Hi Sebastien,

Thank you for the detailed description on how you’ll intend to use such a tool, it really helps. Importing existing notes/draft documents is need not to mention a must must feature. Regarding seeing the connections between notes, I can see two ways to find the connections:

- Document tags. if two documents are tagged with the same tag there is a relation between them. This is the easiest way I think.
- Matching documents with excerpt (not only keywords) as you suggested, and this seems to be quite completed and it’ll need quite a lot of engineering work on it to make it speedy (You know I hate slow software ;-)).

Regarding the note cards, you sure have you preferences, but I’d like to mention that as a Scrivener-like writing software, a corkboard for arranging note card (index card) that is *tightly integrated* with the other parts of the writing system is a must :)


Edwin Yip
Writing Outliner - Turn Microsoft Word into an all-in-one writing software.
http://WritingOutliner.com

 


Posted by Sebastien Berthet
Sep 30, 2009 at 10:07 AM

 

Edwin,

Up to me, tags are OK if they are not written down by the user but *proposed* by your program (So I’m not sure if I can still call it a “tag”). Each word used for indexation would simply be shown up, as a tag candidate. What I mean is that “tags” should not represent another mandatory entry for the writer but a kind of degree of control to indexation. For example, one of the indexed word may be removed by the user if he/she thinks this word is not relevant to the overall meaning of the note.

It may sound obvious, but please use the synonym engine of MS Word to find the related notes! This feature would justify by itself to have an outliner *inside* MS Word (even if automation can be used externally, like CbC does).

If you mix the two paragraphs above, imagine the writer choosing the right synonym for each proposed tag. This way, he/she can narrow the meaning of the note, and thus increase the chance of your search algorithm to pop up this note on the fly at the best moment in a later session…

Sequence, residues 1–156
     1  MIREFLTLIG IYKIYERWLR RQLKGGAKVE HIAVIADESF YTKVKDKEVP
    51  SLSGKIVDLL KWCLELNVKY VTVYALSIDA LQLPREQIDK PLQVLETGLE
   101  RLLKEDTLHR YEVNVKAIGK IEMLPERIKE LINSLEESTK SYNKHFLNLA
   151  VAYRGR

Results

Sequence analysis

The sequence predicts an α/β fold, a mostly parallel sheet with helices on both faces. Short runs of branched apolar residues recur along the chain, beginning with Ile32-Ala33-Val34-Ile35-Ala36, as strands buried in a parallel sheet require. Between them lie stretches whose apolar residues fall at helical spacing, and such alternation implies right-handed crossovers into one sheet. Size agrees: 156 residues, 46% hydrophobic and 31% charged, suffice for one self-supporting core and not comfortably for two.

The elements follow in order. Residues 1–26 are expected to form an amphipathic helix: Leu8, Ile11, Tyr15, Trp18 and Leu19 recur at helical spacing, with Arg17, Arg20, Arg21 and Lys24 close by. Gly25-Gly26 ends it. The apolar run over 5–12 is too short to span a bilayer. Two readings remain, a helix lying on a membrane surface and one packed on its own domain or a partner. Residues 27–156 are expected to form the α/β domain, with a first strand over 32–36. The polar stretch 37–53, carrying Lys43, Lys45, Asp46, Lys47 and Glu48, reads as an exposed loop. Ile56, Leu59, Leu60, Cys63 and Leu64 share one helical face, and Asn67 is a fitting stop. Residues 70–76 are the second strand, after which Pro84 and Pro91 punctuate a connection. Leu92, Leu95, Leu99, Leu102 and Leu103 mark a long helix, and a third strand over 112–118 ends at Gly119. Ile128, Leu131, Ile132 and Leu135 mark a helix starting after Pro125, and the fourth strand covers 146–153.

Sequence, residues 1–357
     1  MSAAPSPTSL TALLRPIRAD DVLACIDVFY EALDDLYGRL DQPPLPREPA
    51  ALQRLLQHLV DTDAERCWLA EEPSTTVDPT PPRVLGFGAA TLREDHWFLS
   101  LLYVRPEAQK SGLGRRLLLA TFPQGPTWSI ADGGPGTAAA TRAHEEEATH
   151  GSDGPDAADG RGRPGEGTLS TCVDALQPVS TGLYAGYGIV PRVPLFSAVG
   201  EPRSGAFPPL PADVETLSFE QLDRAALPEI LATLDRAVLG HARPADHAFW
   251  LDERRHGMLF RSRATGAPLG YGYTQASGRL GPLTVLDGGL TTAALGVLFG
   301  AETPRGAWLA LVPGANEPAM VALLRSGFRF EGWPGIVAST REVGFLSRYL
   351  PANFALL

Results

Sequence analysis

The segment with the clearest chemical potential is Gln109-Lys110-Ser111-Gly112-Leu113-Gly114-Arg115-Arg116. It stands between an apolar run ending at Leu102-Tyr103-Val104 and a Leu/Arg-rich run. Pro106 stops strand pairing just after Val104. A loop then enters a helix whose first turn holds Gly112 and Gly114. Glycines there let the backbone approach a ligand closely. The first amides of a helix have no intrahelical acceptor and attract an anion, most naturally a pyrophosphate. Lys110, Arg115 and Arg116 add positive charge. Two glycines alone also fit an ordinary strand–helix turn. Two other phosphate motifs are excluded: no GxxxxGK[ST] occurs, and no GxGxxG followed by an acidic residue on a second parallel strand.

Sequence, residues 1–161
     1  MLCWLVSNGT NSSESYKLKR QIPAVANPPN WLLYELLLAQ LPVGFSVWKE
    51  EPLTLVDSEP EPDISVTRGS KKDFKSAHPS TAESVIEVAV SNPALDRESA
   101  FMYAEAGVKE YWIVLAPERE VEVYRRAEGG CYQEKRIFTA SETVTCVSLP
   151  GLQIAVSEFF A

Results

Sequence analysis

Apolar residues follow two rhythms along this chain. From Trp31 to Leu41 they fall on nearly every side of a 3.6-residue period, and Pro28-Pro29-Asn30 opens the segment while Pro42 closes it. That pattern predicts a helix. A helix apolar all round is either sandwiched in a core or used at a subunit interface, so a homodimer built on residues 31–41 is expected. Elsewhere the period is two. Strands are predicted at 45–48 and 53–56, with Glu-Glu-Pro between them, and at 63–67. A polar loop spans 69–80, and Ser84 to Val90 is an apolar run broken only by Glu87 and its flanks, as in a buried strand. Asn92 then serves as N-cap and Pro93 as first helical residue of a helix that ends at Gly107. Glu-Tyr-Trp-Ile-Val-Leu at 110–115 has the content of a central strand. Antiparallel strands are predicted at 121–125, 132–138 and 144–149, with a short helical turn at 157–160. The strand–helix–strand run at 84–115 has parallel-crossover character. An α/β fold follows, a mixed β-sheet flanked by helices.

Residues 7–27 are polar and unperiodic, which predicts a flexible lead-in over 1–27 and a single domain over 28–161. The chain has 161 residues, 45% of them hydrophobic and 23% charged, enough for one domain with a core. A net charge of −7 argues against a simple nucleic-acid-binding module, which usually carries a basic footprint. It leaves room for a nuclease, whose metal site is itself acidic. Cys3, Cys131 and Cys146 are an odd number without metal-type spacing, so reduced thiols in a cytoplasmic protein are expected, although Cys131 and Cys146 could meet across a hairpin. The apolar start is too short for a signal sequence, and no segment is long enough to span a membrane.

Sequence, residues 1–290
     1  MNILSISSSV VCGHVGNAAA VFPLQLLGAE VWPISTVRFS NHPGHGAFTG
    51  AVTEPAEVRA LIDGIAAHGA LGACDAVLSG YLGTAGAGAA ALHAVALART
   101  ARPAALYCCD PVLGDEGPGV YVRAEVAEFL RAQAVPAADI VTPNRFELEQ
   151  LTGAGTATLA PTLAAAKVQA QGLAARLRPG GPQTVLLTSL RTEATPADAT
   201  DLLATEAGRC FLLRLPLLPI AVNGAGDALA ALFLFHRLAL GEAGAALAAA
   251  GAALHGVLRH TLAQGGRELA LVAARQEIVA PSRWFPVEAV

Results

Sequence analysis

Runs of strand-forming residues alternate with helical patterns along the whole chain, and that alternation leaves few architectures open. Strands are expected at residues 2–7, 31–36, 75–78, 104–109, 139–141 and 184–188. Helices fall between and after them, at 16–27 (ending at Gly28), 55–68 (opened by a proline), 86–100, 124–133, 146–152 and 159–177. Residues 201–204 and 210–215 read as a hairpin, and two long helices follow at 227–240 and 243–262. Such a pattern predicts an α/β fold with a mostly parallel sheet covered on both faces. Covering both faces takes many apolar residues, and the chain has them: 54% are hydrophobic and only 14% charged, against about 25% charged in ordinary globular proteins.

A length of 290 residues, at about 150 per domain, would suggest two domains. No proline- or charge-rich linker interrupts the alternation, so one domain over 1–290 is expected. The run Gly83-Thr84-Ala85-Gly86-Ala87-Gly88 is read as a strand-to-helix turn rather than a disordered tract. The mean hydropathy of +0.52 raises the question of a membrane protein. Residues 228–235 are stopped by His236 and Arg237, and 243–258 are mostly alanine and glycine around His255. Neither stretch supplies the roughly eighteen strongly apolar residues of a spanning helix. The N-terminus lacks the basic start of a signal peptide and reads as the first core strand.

Sebastien

 

 


Posted by Edwin Yip
Oct 9, 2009 at 06:56 AM

 

Sebastien,

Sorry for replying late, I was in a vacation. Thank you for the further suggestion on the index, using synonym is a good idea, though I’m not sure will it work, even Google does not use synonym to match contents…

PS. I assume you mean the thesaurus function of MS Word by ‘the synonym engine of MS Word’, please correct me if I’m wrong.

Sebastien Berthet wrote:
>Edwin,
> >Up to me, tags are OK if they are not written down by the user but *proposed* by
>your program (So I’m not sure if I can still call it a “tag”). Each word used for
>indexation would simply be shown up, as a tag candidate. What I mean is that “tags”
>should not represent another mandatory entry for the writer but a kind of degree of
>control to indexation. For example, one of the indexed word may be removed by the user
>if he/she thinks this word is not relevant to the overall meaning of the note.
> >It may
>sound obvious, but please use the synonym engine of MS Word to find the related notes!
>This feature would justify by itself to have an outliner *inside* MS Word (even if
>automation can be used externally, like CbC does).
> >If you mix the two paragraphs
>above, imagine the writer choosing the right synonym for each proposed tag. This way,
>he/she can narrow the meaning of the note, and thus increase the chance of your search
>algorithm to pop up this note on the fly at the best moment in a later
>session…
> >Sebastien
> >